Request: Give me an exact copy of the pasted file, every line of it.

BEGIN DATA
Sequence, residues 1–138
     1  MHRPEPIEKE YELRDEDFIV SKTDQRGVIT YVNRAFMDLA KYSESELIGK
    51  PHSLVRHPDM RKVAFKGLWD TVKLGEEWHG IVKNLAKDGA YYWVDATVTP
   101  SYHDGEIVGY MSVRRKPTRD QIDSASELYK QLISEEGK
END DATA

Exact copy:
Sequence, residues 1–138
     1  MHRPEPIEKE YELRDEDFIV SKTDQRGVIT YVNRAFMDLA KYSESELIGK
    51  PHSLVRHPDM RKVAFKGLWD TVKLGEEWHG IVKNLAKDGA YYWVDATVTP
   101  SYHDGEIVGY MSVRRKPTRD QIDSASELYK QLISEEGK